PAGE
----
The Federal Court of Canada has granted the Government of B.C.’s application for an injunction against Alberta’s Bill-12 – the act Alberta has threatened to use to cut off oil and gas to B.C. in its dispute over the expansion of the Trans Mountain pipeline.
Bill-12 was introduced by the Rachel Notley government and then proclaimed by the Jason Kenney Conservatives.
On Tuesday, September 24, the Federal Court granted an injunction against Bill-12. The injunction means that Alberta cannot act on Bill-12 until the court has determined whether or not Bill-12 is indeed unconstitutional.
The intent of the law was to give Alberta control over the export of its oil and gas resources.
It was in response B.C.’s plans to enact legislation restricting the flow of diluted bitumen from Alberta through B.C. via the Trans Mountain pipeline or rail.
Earlier this year, the B.C. Court of Appeal unanimously rejected B.C.’s assertion that it has any constitutional authority to restrict products flowing through a federally regulated pipeline. B.C. is appealing that decision.
Politicians in Alberta made it clear that Bill-12 was aimed squarely at British Columbia in response to the John Horgan government’s attempts to restrict the flow of diluted bitumen through by pipeline or rail.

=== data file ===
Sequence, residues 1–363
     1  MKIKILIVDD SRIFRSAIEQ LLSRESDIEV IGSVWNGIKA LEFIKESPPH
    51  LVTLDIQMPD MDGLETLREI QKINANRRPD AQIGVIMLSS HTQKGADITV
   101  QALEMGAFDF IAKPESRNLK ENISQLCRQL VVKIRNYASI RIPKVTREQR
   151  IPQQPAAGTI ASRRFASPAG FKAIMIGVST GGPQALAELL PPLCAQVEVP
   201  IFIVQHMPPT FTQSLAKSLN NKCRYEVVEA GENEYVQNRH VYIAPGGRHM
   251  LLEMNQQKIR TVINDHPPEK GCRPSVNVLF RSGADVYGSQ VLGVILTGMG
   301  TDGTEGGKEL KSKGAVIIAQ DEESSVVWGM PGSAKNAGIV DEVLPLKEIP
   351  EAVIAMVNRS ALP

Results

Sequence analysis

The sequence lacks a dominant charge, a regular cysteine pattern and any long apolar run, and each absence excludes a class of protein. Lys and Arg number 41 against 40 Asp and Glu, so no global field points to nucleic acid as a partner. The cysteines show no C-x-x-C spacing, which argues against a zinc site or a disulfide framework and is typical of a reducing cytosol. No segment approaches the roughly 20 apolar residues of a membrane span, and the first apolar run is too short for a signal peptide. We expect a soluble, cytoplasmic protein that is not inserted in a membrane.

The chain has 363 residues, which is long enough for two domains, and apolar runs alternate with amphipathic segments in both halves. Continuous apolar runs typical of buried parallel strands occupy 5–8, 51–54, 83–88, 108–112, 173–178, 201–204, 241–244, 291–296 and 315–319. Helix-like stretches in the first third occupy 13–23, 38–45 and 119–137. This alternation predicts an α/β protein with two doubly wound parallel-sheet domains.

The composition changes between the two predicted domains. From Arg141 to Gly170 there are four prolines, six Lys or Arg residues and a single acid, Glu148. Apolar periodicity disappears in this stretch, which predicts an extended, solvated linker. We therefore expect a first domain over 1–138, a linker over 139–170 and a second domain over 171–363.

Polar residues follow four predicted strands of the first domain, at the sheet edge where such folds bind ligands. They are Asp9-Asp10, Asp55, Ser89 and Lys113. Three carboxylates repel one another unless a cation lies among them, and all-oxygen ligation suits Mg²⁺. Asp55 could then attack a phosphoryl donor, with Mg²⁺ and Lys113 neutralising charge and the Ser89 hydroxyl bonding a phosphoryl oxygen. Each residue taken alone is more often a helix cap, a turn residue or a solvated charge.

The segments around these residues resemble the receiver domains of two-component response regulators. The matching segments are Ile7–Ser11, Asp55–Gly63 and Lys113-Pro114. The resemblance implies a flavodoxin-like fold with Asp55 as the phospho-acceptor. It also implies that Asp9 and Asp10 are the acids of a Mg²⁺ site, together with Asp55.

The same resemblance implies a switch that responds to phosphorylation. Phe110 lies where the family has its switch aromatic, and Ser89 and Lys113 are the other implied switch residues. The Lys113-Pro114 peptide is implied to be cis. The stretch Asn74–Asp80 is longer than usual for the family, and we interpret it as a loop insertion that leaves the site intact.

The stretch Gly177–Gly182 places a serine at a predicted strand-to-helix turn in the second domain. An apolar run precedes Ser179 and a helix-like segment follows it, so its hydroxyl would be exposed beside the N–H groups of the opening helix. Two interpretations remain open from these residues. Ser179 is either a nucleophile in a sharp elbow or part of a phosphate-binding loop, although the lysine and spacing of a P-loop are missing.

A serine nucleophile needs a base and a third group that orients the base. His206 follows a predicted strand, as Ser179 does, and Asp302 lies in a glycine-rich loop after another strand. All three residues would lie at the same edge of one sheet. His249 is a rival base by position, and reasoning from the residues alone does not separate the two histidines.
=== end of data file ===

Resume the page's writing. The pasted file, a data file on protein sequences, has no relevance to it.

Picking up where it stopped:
Federal Court Justice Sébastien Grammond agreed the act is discriminatory against B.C. He also agreed with B.C.’s argument that any restrictions on the flow of oil or refined fuel products could be seriously damaging to B.C.’s economy.
“I find that the irreparable harm that British Columbia would suffer if the injunction is not granted far outweighs any inconvenience that the injunction might impose on Alberta,” Grammond writes in his written decision.
“Such an embargo would deprive British Columbia of essential fuel supply, which could result in severe economic consequences as well as, depending on the duration of the embargo, threats to public safety.
While the injunction does not mean that Bill-12 has been nullified by the court, it appears Alberta will have a hard time defending the act.
Grammond notes that “there is a serious issue as to the validity of the Act in its totality.”